Southern’s fourth president, Edgar Young Mullins (1899-1928), is an example of leadership as change agent. Mullins provided lasting leadership through his persuasive work as an administrator and denominational statesman who adapted to his time, Dockery said.

“Not only did he influence the campus and the denomination, but he influenced far beyond Baptist life through his statesman-like leadership,” Dockery said. “He demonstrated the power of persuasion. For almost 30 years,  E.Y Mullins’ giant sized abilities touched Baptists everywhere and pointed the seminary forward in the changing world of the 20th century.”

After Mullins died, John Richard Sampey became president (1929-1942). Sampey inherited not only the seminary but substantial debt. “He was a model of courage in difficult days,” Dockery said, stating that leadership as encourager is important.

Sampey began to implement plans for paying the debt and the school’s enrollment grew as time progressed.

Ellis Adams Fuller, Southern Seminary’s sixth president (1942-1950), was a leader as manager, Dockery said. Fuller knew business well and had good managerial skills. He adequately managed the seminary and Dockery said that leaders can learn that timing is key for implementation from Fuller.

“Managers like Fuller make wise and prayerful decisions. They know when and how to ask for help,” Dockery said.

Duke K. McCall, the leader who the lecture honors, was Southern Seminary’s seventh and longest serving president (1950-1982). Dockery cited McCall as Southern Seminary’s strategic leader.

McCall, a leader in the Southern Baptist Convention, had already been the executive secretary of the SBC Executive Committee, president of New Orleans Baptist Theological Seminary and pastor of Broadway Baptist Church in Louisville before he came to Southern Seminary. He was also named president of the Baptist World Alliance after his time at Southern.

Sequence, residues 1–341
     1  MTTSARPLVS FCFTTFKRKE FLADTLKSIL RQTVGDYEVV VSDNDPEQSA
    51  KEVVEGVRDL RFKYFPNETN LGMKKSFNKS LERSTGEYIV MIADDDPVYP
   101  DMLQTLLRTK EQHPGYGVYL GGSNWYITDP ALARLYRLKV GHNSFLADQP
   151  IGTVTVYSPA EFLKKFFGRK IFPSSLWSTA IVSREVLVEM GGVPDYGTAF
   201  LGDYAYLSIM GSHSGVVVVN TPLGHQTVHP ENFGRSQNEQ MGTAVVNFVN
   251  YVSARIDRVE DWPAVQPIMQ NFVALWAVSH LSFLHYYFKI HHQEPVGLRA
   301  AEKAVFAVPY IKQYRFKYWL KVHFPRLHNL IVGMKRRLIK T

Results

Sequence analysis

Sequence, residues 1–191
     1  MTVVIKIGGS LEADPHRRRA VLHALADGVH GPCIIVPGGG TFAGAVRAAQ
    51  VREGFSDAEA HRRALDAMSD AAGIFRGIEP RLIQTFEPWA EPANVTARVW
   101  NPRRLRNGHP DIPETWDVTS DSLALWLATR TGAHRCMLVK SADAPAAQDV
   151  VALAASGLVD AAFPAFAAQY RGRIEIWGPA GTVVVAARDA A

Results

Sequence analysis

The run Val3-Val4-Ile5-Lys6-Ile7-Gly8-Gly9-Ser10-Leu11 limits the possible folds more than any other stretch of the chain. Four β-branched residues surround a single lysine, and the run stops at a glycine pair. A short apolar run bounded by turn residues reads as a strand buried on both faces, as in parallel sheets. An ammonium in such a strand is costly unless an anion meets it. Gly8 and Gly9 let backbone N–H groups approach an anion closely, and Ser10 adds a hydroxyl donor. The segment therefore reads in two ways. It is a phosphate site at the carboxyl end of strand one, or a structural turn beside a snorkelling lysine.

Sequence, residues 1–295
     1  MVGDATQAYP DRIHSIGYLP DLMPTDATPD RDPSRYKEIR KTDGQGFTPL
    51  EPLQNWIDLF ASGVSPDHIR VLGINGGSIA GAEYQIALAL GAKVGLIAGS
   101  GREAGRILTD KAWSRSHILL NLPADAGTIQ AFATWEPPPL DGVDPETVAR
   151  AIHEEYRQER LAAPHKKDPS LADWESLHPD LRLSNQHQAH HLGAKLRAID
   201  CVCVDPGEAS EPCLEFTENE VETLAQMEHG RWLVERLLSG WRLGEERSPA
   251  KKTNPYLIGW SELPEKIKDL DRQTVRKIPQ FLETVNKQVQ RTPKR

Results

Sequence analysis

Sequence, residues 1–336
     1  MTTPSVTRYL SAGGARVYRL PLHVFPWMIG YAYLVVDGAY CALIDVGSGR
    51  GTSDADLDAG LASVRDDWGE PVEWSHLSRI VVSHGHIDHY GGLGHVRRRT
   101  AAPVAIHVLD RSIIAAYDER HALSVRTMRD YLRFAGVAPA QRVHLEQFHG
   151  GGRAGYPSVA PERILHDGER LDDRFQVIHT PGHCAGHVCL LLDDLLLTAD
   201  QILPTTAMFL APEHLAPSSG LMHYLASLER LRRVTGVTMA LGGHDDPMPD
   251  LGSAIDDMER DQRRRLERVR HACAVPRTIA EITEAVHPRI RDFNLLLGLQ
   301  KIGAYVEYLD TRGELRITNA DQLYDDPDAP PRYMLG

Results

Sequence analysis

Dockery said that McCall’s presidency teaches leaders that they will not be able to move forward without strategic planning.

“He remarkably placed his stamp on the campus of Southern Seminary and the Southern Baptist Convention like few others in Southern Baptist history,” Dockery said. “His strategic, thoughtful leadership reached far beyond this campus.”

Dockery said that Roy Lee Honeycutt, Southern’s eighth president (1982-1993), was a relational leader. Relationships are essential for those in leadership, Dockery said. Honeycutt worked through difficult opposition from the progressive faculty, and he built consensus with a covenant statement, written in the midst of denominational controversy.

Dockery finished his leadership case studies with Mohler, who marks 20 years as president of Southern Seminary this semester. He told students that the lesson to learn from Mohler is convictional leadership and commitment to sound biblical teaching.

When Mohler began his presidency, the seminary was at the center of controversy in the SBC. Mohler, through his convictional and committed leadership, turned the seminary back to biblical fidelity and theological orthodoxy.

“President Mohler has brought about a remarkable transformation by convictional leadership which is both theologically informed and theologically shaped,” Dockery said. “President Mohler has reclaimed the vision of James P. Boyce and the tradition that provided the framework for the early decades of this seminary.”

Audio and video from Dockery’s message are available at sbts.edu/resources.